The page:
Image: Olympus America
Earlier this year, Olympus America Inc. introduced the Olympus Digital Voice Recorder DS-3500 along with the DS-2500 and DS-7000 Digital Voice Recorders. The DS-3500 and DS-7000 recorders are part of Olympus' professional dictation series; the DS-2500, reviewed in the September 11, 2012 edition of Law Technology News, offers some entry-level dictation features.
The DS-3500 is a step up from the DS-2500, yet can act as an entry level dictation system for legal professionals. It records and edits voice records, like the DS-2500. It can insert and append text (voice recordings) to voice records and delete selected portions of a voice record as well as mark up to 32 index points per file which makes it easy to return to those points in the file using forward and back navigation keys located on the front panel. Unlike the DS-2500, the DS-3500 can affix verbal notes to files for transcriptionists, encrypt voice records, and use the included Olympus Dictation Management System software to automatically route dictations via email or FTP.
Like the DS-2500, the DS-3500 uses buttons on the side of the recorder to create a new file, record, play back, rewind, and stop the current action. The DS-2500 uses one see-saw button for fast-forward and rewind; the DS-3500 has no fast-forward button on the side. Instead, you can play back a file at variable speed (fast, slow, and normal) and you can adjust the speed setting from the menu interface. To do so, you press the OK/Menu button on the front panel of the recorder and choosing Device sub-menu, where you can select Cue/Rev and choose from 1 to 5 speed settings. I found the default 3 speed to be adequate for my needs.
The DS-3500 can record voice using the Digital Speech Standard Pro or DSS Pro (DS2) file formats in Quality Play or Standard Play mode; PCM Stereo (.wav); or mp3. When you select the recording mode, the device calculates the remaining memory available if that recording mode were used for the remaining space.
I stuck with the default DSS Pro QP mode, which samples sound waves for audible voice records at 16 kilohertz and can store up to 149 hours of speech in the internal 2-gigabyte micro-SD memory card. The DS2 file format is a proprietary format developed by Olympus that compresses audio files by 12 times. The DS-3500's internal memory would fit only 3 hours of PCM-recorded voice and from 16 to 33 hours of mp3-recorded voice. The DS-3500 supports an external SD memory card from 512 megabytes to 32 gigabytes of memory. If the device fails, you can eject both cards and use them in another device that supports memory cards such as a computer or digital recorder. See Figure 1.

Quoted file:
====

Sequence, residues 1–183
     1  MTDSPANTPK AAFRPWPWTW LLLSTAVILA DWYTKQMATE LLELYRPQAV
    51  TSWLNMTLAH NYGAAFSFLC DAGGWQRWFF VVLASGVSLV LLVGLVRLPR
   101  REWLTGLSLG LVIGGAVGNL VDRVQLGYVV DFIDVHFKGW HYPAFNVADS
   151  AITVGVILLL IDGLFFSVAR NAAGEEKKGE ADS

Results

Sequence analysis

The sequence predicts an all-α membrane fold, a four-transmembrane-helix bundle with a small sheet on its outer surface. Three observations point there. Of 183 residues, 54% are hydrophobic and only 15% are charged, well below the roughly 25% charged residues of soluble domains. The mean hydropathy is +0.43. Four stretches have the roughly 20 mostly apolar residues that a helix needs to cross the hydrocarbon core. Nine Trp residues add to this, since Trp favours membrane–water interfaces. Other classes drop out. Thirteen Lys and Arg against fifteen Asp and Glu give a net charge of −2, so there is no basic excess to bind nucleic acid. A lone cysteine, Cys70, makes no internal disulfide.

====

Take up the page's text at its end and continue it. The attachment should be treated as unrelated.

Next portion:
The micro-SD card rests behind the Lithium-ion battery (3.7 volt), which supports about 18 to 21 hours of recording and playback, using the default DSS Pro QP mode. But I will miss the DS-2500's ability to run on two AAA alkaline batteries when I do not have the time or tools to recharge the device's Ni-MH batteries. The slimmer battery, however, does not make for a slimmer device: The DS-3500 is actually .5 millimeters wider than the D-2500.
The DS-3500 power switch sits high on the back of the device where it is not in any danger of inadvertently turning the device on or off when placing it in its leather carrying case, which can be fixed to a belt or purse strap. The power switch also serves as a hold switch that, when operative, preserves the running conditions of the recorder but disables all buttons. In effect, you can enable hold and place the device in a backpack or purse without inadvertently pressing any key. You can also enable hold while recording and the device will continue to record until it runs out of memory or battery power. But the microphone is not effective from inside a closed space.
Although the DS-3500 has a larger and more exposed microphone than the DS-2500, it is still a monaural microphone, not digital, and is limited to recording audible voice in the frequency range from 20 hertz to 20 kilohertz. The microphone works best when pointed at a speaker when the device is set in dictation mode or visible to all speakers when the device is in conference mode. If the microphone is not in line of vision with the speaker, it may not capture voice sufficient for quality playback.